Ocean acidification could affect rising temperatures

New research shows the two aren’t entirely separate.

Climate change’s oft ignored twin, ocean acidification, is usually thought of as a biological rather than a climatic problem. They’re seen as parallel (carbon dioxide emissions are a cause of each) but separate (the effects of ocean acidification don’t depend on changes in climate). Some recent studies are showing that, true to the interconnected nature of, well, nature, ocean acidification may actually have a climatic effect of its own.

Ocean acidification is a decrease in the pH and carbonate concentration of ocean water caused by CO2 pumped into the atmosphere. It’s generally bad news for critters with calcium carbonate shells or skeletons, and acidification has even been shown to affect fish. Studies in which CO2 is added to closely monitored sections of marine habitat have shown that one of the many outcomes appears to be a decrease in dimethylsulfide produced by phytoplankton.

This turns out to be pretty interesting, because this is the biggest source of biologically created sulfur that makes its way into the atmosphere, where sulfur compounds are hugely important for the formation of clouds. (They help create the cloud condensation nuclei that cloud droplets grow around.) Since cloud cover affects the amount of sunlight reflected back into space, this has the potential to affect climate.

But are we talking about a negligible impact or a significant one? A group of researchers set out to explore this question using a climate model developed by the Max Planck Institute for Meteorology in Hamburg, Germany. The models simulated the effect of an acidification-induced decline in sulfur production on clouds.

But the magnitude of that sulfur decline is highly uncertain. The handful of existing studies came up with different estimates of how much sulfur production drops as pH goes down. Rather than guess which estimate came closest to the truth, the researchers ran their simulations with high, medium, and low estimates.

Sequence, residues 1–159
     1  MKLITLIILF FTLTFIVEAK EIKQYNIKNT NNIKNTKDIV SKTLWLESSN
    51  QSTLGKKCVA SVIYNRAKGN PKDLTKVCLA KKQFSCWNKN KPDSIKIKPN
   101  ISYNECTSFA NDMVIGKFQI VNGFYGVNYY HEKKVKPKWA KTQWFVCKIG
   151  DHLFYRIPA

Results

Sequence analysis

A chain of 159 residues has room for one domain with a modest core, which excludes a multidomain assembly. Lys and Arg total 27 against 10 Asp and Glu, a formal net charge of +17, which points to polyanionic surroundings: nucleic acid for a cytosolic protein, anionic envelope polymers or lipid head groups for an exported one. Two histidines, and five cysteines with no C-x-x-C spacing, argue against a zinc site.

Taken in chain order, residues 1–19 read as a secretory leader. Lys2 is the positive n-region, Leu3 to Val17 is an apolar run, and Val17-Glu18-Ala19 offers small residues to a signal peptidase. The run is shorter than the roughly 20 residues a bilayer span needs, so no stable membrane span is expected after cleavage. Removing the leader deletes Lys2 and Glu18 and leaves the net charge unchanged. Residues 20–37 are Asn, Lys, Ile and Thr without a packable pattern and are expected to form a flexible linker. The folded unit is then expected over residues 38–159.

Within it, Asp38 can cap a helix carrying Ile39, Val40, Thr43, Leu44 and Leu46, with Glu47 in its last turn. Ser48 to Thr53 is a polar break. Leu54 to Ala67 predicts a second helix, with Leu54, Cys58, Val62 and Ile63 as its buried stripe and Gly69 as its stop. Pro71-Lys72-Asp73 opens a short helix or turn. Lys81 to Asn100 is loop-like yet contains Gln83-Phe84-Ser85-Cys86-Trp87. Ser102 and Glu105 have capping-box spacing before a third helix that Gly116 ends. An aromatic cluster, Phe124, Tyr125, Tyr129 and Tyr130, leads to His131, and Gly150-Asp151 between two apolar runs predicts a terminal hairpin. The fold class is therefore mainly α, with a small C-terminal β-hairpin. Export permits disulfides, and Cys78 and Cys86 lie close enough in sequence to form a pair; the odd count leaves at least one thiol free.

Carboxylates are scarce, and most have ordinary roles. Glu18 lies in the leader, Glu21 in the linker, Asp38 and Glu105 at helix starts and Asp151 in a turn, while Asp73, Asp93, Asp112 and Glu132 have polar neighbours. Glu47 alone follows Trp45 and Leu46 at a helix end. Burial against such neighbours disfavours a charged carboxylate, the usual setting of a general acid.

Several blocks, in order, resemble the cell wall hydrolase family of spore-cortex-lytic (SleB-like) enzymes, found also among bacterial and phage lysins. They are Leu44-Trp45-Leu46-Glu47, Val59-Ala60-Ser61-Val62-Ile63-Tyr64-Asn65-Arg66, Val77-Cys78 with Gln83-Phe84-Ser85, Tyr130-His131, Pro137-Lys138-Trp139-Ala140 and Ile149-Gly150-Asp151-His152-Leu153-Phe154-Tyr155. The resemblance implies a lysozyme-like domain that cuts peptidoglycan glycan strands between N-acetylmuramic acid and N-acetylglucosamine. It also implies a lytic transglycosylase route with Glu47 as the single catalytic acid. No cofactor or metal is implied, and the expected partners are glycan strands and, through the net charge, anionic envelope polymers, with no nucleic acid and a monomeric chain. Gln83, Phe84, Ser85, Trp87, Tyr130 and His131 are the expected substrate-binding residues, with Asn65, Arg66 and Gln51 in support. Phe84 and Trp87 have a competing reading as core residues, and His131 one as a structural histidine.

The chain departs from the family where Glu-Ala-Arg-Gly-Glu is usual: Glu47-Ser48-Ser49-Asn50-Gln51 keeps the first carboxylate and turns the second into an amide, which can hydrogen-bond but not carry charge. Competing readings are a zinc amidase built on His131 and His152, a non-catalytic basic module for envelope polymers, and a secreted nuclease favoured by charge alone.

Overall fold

One simulation left the link between acidification and sulfur out completely, providing a baseline for a comparison of warming by the end of the century with a middle-of-the-road emissions scenario. Then the model was run with the three estimates of acidification’s effect on sulfur.

In the baseline model, the flow of biologically created sulfur from the ocean to the atmosphere still decreased by seven percent because of climate change. Warming the surface ocean cuts down on mixing with deeper, nutrient-rich water, so phytoplankton productivity drops.

But in the simulations that included the impact of acidification, that sulfur contribution to the atmosphere decreased by 12 to 24 percent. The effect this has on cloud formation in the model is measured in terms of the additional energy from the Sun reaching the Earth’s surface—0.08 Watts per square meter due to warming the waters the phytoplankton live in and 0.18 to 0.64 Watts per square meter due to acidification. Allowing for uncertainty in exactly how sensitive the climate is to change, that equates to 0.1 to 0.76 °C of additional warming caused by ocean acidification at the end of the century. Keeping in mind that this emissions scenario projects around 2.8 °C of warming by 2100, that could potentially be a significant addition.

While climate change and ocean acidification are parallel phenomena, there are also some cross-links enabling the twins to interact. Rising temperatures and changing seawater chemistry will have impacts on marine life, and some of those impacts could, in turn, affect rising temperatures. That’s why it’s called the climate system—when you tug on one thing, many things move.

Nature Climate Change, 2013. DOI: 10.1038/NCLIMATE1981

Scott K. Johnson, ars technica, 29 August 2013. Article.

  • Reset


OA-ICC Highlights

%d bloggers like this: